4. Fight piracy by selling a guy a very limited copy, and then trying to charge him 100 bucks if he wants to view the thing in 5 different places?

    Yeah, that will work. For reals. I’m sure the Pirate Bay guys are really worried.

    They need to get it through their heads that they will never make headway against piracy if the plan involves people paying more for less. Or even paying the same price for the same thing.

  5. Xmas,

    Might be a libertarian in-joke to indicate they think there is no real difference between the two…

  6. So why would anyone pay $10,000 for this server? At that cost, it should be able to store at least tens of thousands of movies.

    Kaleidescape’s business model, during start up at least, is targeted at extremely high-end buyers. As in, P. Diddy’s crib has a Kaleidescape system.

  7. I hear there is a bill in Congress to charge you a small fee each time you remember a scene from a movie, and a slightly larger fee each time you say to a friend, “You remember in the movie ______, when that guy said ______?”

  8. I regularly convert 3 gig DVD movies to 800 meg DiVX files so I can watch movies on my laptop while traveling. Any laws mandating that I must watch the 3 gig version or risk being singled out as a thief are rubbish.

    Like the man (Robert A. Heinlein) said:

    “I am free, no matter what rules surround me. If I find them tolerable, I tolerate them; if I find them too obnoxious, I break them. I am free because I know that I alone am morally responsible for everything I do.”

  9. Extispicater,

    That could put a real crimp in the movie and tv quotes everyone is always using here(myself included).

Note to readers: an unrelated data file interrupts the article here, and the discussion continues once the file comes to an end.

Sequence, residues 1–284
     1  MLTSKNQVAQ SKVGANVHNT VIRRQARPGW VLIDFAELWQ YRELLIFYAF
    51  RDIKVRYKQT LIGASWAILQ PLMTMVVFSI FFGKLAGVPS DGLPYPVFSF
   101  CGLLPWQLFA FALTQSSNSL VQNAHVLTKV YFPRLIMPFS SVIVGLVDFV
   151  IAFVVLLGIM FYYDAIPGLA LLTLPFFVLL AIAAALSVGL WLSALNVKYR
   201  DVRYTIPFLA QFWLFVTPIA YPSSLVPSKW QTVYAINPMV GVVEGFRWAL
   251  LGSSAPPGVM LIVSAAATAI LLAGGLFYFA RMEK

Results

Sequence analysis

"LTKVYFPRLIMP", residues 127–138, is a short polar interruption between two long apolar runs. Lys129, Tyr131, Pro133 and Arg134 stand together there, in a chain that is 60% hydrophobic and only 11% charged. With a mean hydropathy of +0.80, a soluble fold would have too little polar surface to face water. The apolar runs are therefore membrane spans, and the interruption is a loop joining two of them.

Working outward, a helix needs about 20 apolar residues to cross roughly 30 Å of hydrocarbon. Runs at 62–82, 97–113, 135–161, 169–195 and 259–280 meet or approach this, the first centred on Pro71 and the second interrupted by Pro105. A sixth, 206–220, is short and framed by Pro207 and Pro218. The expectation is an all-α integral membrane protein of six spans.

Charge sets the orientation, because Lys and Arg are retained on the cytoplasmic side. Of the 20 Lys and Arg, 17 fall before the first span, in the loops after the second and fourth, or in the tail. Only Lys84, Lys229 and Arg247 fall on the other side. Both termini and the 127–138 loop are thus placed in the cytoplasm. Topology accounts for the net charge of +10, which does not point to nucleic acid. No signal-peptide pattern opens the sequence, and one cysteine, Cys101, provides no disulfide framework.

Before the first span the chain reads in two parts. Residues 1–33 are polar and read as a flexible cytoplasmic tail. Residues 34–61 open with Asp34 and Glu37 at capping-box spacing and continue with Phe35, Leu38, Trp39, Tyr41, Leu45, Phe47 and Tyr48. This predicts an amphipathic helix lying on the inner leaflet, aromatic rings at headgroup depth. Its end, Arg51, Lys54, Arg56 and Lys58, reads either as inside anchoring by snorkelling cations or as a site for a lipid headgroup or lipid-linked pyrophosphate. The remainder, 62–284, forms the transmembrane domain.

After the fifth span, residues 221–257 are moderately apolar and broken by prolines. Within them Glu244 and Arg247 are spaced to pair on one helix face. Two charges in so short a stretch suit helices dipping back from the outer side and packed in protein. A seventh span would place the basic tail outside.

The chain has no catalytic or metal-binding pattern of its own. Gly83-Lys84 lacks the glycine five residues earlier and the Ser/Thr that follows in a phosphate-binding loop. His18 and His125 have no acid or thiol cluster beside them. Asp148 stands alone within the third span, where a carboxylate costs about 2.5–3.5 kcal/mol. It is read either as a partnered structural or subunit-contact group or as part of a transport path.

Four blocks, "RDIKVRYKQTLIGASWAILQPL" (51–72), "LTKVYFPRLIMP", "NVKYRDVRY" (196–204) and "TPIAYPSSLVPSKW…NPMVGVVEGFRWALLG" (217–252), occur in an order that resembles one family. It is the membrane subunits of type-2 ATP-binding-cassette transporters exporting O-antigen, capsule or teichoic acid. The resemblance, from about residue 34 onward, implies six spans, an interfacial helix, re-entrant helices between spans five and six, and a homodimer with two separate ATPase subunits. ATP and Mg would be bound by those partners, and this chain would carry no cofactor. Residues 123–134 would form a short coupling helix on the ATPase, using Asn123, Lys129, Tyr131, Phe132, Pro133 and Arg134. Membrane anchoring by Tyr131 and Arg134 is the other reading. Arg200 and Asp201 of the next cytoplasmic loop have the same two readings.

10. robc | September 9, 2008, 2:03pm
    Nick,

    Spoilers should come in advance.

    It was a rear spoiler

  11. Yeah, the king of screwed media players is going to get someone to pay for a toothless version of a DVD ripper? Good luck with that. I hope they didn’t bet the company on this product.

  12. Speaking of freely available DVD ripping software, anybody have suggestions?

  13. Get a mac, get Mac the Ripper and DVD ReMaster Pro.
    End of all the grief.

    no hugs for thugs,
    Shirley Knott

  14. DVD Shrink – you can watch on your PC or rip .iso files for DVD burning.

    DVD Decrypter – will unlock the encryption that DVD Shrink doesn’t handle.

    Handbrake – will make smaller .mp4 files out of DVDs.

    For burning, I recommend ImgBurn or Active ISO Burner.

  15. I regularly convert 3 gig DVD movies to 800 meg DiVX files so I can watch movies on my laptop while traveling.

    What software do you use?

  16. Oh, yeah, okay.

    *goes back to torrenting*

  17. Hollywood is just plain dumb. First they force you to watch first run movies in over-priced theaters with insanely over-priced concession items. Then they distribute the same content on over-priced, fragile DVDs and now they want you to pay again and again for different digital formats like HD-DVD, Blu-ray, Sony PSP, Aple iPod, iPhone, Zune, etc., etc. Until a fair business model is developed with fair prices AND that protects consumer’s Fair Use rights, there will always be bootlegs and dvd copy software like the ones listed at: http://www.dvdxcopy.com